A petitioner for covered business method review may request to cancel as unpatentable one or more claims of a covered business method patent granted under the first-to-file provisions of the AIA on any ground, but limited prior art shall apply for those challenged covered business method patents granted under the first-to-invent provisions of Title 35.
Question CBMR5010: How will covered business method reviews be conducted?
Generally, the AIA provides that covered business method reviews will employ the standards and procedures of a post grant review, subject to certain exceptions such as the grounds for challenge and the scope of estoppel.
Question CBMR5020: How long will a covered business method review take?
A covered business method review is statutorily required to be complete within one year of institution, except that the time may be extended up to six months for good cause.
Question CBM5030: How will the Board conclude a covered business method review?
Like in a post grant review, where a covered business review is instituted and not dismissed, the Board shall issue a final written decision. The decision shall address the patentability of any challenged patent claim and any new claim added via amendment during the covered business review.
Question CBM5040: May a party request rehearing of the final written decision?
Yes, either party may request rehearing of the Board’s decision. The request must specifically identify all matters the party believes the Board misapprehended or overlooked, and the place where each matter was addressed in the petition.
Question CBMR6010: After the Board renders a final decision in a covered business method review, do any estoppels apply against the petitioner?
Yes, a petitioner in a covered business method review may not request or maintain a subsequent proceeding before the Office with respect to any claim on any ground raised or reasonably could have been raised in the covered business method review. By contrast, a petitioner in a covered business method review may not assert in a subsequent district court or ITC action that a claim is invalid on any ground that the petitioner raised.
Question CBMR6020: After the Board renders a final decision in a covered business method review, do any estoppels apply against the patent owner?
Yes, a patent owner is estopped from taking action inconsistent with any adverse judgment including obtaining in a patent a claim that is patentably indistinct from a finally refused or cancelled claim or amending its specification or drawing in a way that it was not permitted to do during the proceeding.
Question CBMR7100: Can a party to covered business method review appeal the Board’s final decision?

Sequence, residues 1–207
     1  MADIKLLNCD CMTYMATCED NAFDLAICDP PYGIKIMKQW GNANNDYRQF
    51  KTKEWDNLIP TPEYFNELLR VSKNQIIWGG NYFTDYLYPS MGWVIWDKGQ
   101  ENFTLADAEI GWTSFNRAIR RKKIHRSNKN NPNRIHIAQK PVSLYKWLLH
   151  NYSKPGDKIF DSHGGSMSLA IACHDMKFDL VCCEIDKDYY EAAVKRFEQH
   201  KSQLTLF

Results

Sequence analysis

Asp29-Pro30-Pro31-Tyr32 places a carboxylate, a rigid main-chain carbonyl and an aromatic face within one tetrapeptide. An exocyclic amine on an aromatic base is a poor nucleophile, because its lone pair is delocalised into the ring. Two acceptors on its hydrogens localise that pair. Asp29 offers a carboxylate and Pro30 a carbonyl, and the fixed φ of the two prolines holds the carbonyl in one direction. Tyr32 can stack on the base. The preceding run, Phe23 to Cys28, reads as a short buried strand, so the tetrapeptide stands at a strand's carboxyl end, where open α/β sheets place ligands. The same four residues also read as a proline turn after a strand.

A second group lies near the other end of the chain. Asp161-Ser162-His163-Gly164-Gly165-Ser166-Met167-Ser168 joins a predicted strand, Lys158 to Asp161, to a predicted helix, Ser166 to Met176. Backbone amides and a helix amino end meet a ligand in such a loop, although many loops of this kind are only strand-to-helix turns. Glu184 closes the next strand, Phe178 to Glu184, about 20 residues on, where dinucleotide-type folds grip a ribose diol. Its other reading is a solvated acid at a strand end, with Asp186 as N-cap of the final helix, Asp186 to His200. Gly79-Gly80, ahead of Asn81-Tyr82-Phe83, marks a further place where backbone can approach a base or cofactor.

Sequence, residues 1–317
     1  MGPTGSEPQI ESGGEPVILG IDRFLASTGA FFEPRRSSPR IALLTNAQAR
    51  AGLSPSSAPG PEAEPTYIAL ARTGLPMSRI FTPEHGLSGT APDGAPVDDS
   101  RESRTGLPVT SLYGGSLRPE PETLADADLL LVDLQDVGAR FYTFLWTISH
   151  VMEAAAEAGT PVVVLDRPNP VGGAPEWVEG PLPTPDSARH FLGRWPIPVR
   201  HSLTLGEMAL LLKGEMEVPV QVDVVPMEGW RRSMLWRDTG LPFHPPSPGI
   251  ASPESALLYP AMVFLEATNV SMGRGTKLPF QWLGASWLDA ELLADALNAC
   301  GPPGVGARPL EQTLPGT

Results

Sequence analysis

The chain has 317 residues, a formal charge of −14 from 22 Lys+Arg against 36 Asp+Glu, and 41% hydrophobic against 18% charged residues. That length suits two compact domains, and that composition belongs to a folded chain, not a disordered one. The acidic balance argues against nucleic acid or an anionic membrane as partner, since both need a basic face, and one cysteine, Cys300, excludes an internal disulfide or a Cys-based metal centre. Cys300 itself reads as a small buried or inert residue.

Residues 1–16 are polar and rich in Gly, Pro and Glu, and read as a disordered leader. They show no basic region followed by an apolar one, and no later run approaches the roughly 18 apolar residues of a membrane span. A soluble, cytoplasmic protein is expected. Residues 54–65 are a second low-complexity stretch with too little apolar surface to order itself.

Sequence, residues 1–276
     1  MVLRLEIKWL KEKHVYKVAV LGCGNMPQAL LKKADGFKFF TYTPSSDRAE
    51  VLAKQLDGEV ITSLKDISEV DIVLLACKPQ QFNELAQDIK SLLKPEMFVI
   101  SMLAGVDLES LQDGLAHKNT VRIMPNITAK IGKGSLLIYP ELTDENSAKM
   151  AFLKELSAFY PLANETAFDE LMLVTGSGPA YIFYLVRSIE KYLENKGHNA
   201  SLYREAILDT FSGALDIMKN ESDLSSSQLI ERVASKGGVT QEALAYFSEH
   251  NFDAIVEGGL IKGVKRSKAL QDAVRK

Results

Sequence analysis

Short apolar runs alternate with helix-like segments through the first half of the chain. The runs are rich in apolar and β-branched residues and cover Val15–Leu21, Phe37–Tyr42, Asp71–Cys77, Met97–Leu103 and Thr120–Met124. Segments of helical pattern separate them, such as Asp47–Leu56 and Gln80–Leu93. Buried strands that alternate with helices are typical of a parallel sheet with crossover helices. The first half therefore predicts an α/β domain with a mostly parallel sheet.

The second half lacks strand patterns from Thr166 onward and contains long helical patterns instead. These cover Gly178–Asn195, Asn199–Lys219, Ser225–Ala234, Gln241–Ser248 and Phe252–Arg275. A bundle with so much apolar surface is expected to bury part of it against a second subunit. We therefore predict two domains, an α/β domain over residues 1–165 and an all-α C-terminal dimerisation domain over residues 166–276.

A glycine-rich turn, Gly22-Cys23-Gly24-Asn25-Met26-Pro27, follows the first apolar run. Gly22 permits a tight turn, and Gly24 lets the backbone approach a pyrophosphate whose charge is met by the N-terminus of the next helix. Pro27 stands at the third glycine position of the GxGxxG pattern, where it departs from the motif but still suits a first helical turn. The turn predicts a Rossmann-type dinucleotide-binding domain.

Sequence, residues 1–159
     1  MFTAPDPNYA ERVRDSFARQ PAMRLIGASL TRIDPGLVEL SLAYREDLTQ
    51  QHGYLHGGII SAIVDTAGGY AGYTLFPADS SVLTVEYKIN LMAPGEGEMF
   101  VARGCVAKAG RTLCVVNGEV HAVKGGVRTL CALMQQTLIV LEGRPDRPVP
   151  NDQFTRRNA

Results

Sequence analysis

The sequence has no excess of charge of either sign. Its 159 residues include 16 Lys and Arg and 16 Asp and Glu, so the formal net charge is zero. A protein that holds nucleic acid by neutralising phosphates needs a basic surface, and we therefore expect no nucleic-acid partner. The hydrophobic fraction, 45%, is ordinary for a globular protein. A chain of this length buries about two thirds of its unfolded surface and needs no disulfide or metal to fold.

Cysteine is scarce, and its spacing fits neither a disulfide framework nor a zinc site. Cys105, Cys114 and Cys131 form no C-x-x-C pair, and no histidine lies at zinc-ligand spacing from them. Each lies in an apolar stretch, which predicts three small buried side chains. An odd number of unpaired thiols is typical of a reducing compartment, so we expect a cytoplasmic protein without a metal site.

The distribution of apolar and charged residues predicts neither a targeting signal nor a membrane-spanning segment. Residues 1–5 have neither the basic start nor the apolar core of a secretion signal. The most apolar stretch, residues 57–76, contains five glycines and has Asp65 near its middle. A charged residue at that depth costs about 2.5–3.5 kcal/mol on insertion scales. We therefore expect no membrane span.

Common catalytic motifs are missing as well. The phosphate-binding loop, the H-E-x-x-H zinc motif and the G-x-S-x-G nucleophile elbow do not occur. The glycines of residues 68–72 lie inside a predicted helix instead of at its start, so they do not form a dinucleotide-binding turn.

Yes, a party dissatisfied with the final written decision in a covered business method review may appeal to the Federal Circuit.
Question CBMR8010: How will the Board handle multiple proceedings for the same patent, such as two or more covered business method reviews on the same patent?
Where another matter involving the same patent is before the Office during the pendency of the covered business method review, the Board may enter any appropriate order regarding the additional matter including providing for the stay, transfer, consolidation, or termination of any such matter. Joinder may be requested by a patent owner or petitioner.
Question CBM8015: How does the Patent Trial and Appeal Board handle conflicting case law?
The Board considers and applies the precedent of the Federal Circuit and the Supreme Court to the facts of the particular cases before it. The Board strives to decide cases following the closest precedent. The Board looks for guidance from Supreme Court precedent when Federal Circuit decisions do not provide guidance on a particular issue.
Question CBM8018: What is the Patent Trial and Appeal Board doing to provide a level playing field in their trials involving independent inventors and small companies?
During rulemaking, the Board received and took into account comments from the public, including independent inventors and small companies. The Board’s proceedings are intended to provide a quicker, less expensive alternative to district court patent litigation. Discovery is limited and deadlines are established for the completion of trials. The Board believes this is to the benefit of all parties, including independent inventors and small companies.
Question CBMR8020: Can the parties to a covered business method review settle?
Like in a post grant review, parties to a covered method patent review are permitted to settle. A settlement terminates the proceeding with respect to the petitioner, and the Board may terminate the proceeding or issue a final written decision.
Question CBMR8030: Can a party to a covered business review be sanctioned?
Yes, the AIA requires the Office to prescribe sanctions for abuse of discovery, abuse of process, or any other improper use of the review, such as to harass or cause unnecessary delay or an unnecessary increase in the cost of the proceeding.